The ICTJ in Indonesia and Timor-Leste

The ICTJ has been working in Indonesia and Timor-Leste since the organization's inception in 2001, consulting with the UN, governments, civil society groups, and academics on a variety of transitional justice initiatives. In June 2005, the Center released a report on the serious crimes process in Timor-Leste entitled "Justice Abandoned?" The report concluded that the quest for justice in Timor- Leste had begun with good intentions, but was not backed up by the strategic planning and effective political support necessary to counter the damaging effects of Indonesian lack of cooperation. Released in August 2003, "Intended to Fail," the ICTJ's analysis of the trials before the Ad Hoc Human Rights Court in Jakarta, suggests that Indonesia never intended to fulfill its promise of holding perpetrators accountable for the violence surrounding the East Timorese vote for independence in 1999. Senior Associate Eduardo Gonzalez worked with local and international NGOs to request that the UN develop an appropriate response to this failure.

The ICTJ has also monitored parliamentary efforts to establish a truth commission and coordinated with local partners to ensure that the proposed body respects victims' rights and promotes accountability. In January 2005, the Center disseminated a study of the Indonesian law establishing the Truth and Reconciliation Commission (TRC), and in February, co-sponsored a conference in Jakarta for civil society leaders and activists to develop a strategy to respond to the TRC law. The ICTJ has actively supported efforts in Timor-Leste to address the human rights violations and impunity left by 24 years of Indonesian occupation by assisting the work of the Commission for Reception, Truth and Reconciliation (CAVR) and the Serious Crimes Unit (SCU). To help inform the debate about accountability, the Center produced a report in August 2003, "Crying Without Tears: In Pursuit of Justice and Reconciliation in Timor-Leste," which examines the perspectives of a cross-section of Timorese citizens on issues of violence, truth, justice, and reconciliation.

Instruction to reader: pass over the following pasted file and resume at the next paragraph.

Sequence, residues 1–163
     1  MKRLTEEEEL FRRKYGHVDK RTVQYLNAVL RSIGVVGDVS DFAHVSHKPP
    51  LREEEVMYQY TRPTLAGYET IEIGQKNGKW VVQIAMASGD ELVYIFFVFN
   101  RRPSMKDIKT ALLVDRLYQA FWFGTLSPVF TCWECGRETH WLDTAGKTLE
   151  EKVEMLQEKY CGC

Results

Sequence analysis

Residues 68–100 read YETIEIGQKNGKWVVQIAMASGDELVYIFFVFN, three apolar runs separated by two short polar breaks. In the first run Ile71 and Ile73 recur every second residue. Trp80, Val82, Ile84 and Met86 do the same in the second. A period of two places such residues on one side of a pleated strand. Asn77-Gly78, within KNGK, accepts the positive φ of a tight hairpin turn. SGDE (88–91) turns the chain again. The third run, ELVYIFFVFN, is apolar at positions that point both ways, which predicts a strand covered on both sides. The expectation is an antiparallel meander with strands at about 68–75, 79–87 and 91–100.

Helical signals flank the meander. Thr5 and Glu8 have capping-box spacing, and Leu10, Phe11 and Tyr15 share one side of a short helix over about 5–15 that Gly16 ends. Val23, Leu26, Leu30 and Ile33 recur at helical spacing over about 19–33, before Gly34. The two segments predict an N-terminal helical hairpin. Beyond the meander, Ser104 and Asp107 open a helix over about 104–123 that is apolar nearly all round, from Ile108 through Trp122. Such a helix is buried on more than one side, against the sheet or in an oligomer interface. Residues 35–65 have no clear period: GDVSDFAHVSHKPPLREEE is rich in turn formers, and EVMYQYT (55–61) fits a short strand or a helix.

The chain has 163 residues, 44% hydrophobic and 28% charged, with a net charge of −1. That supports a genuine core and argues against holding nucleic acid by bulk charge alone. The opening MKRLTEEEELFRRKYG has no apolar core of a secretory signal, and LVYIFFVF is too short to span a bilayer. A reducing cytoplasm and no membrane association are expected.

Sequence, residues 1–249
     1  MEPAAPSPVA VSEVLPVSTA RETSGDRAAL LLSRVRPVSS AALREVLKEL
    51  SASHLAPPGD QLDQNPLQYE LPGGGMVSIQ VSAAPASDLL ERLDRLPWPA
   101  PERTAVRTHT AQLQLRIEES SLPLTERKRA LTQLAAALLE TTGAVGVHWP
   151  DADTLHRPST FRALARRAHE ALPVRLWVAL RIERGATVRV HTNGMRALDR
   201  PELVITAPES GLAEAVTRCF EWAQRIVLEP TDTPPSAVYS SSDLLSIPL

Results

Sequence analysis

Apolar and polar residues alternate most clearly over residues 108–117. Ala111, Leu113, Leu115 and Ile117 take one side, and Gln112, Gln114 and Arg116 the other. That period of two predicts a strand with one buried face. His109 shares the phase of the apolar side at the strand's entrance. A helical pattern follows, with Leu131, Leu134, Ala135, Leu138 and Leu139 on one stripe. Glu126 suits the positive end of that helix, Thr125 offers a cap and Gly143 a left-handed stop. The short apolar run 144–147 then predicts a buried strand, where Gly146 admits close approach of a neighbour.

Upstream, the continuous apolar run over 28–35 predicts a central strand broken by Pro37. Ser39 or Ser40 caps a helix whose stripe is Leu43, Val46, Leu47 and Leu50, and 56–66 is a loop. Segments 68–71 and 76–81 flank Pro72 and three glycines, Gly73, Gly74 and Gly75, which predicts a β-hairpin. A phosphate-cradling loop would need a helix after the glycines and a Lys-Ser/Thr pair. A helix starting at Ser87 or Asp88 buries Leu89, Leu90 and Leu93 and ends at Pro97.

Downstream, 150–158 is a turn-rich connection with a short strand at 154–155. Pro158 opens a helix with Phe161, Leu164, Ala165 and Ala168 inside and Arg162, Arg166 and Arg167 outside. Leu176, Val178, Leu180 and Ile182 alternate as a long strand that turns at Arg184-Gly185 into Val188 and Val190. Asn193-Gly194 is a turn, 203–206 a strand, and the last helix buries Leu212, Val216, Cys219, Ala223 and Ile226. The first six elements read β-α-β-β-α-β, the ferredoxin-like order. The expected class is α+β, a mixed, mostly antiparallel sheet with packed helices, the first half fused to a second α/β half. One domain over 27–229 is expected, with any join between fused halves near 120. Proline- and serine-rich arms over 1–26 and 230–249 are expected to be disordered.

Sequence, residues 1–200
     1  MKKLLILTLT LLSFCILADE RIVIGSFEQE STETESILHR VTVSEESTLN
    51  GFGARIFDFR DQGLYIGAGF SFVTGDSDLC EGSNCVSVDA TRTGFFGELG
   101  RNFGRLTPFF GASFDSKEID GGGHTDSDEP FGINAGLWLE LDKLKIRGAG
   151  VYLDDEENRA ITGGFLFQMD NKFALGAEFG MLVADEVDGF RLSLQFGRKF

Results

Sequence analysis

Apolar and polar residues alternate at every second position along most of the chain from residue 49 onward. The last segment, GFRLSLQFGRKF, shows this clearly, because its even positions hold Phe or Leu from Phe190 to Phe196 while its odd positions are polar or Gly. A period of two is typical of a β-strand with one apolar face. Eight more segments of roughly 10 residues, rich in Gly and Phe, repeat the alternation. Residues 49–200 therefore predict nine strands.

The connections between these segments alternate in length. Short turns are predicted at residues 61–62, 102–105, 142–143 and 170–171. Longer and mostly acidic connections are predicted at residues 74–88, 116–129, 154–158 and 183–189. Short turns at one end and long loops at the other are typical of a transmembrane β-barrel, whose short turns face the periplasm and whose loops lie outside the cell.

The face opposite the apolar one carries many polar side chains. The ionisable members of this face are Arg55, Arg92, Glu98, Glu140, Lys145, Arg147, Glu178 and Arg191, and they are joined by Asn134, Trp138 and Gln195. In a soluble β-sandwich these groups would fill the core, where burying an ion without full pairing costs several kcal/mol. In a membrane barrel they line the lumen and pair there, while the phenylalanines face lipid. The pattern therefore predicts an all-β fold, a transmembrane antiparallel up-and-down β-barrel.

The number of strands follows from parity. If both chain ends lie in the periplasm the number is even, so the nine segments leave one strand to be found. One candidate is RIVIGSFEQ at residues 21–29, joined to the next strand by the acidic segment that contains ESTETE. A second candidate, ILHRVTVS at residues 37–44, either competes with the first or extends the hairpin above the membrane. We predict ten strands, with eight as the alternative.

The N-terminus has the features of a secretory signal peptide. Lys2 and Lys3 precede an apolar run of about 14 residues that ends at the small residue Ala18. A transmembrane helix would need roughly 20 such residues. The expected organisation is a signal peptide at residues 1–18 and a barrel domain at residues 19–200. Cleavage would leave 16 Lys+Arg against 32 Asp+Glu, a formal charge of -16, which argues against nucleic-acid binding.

The Center urged the UN Secretary-General to convene an international Commission of Experts to examine the situation of impunity for the crimes committed in 1999 and to devise workable, efficient, and fair strategies to ensure accountability. In January 2004, the Center released "The Struggle for Truth and Justice," a report that maps nearly 200 transitional justice initiatives undertaken by Indonesian civil society organizations. The Center publishes a monthly newsletter in Bahasa Indonesia to disseminate transitional justice information throughout the region.

All four reports are available on the ICTJ web site at

More Information on International Justice
More Information on the Ad-Hoc Court for East Timor
More Information on East Timor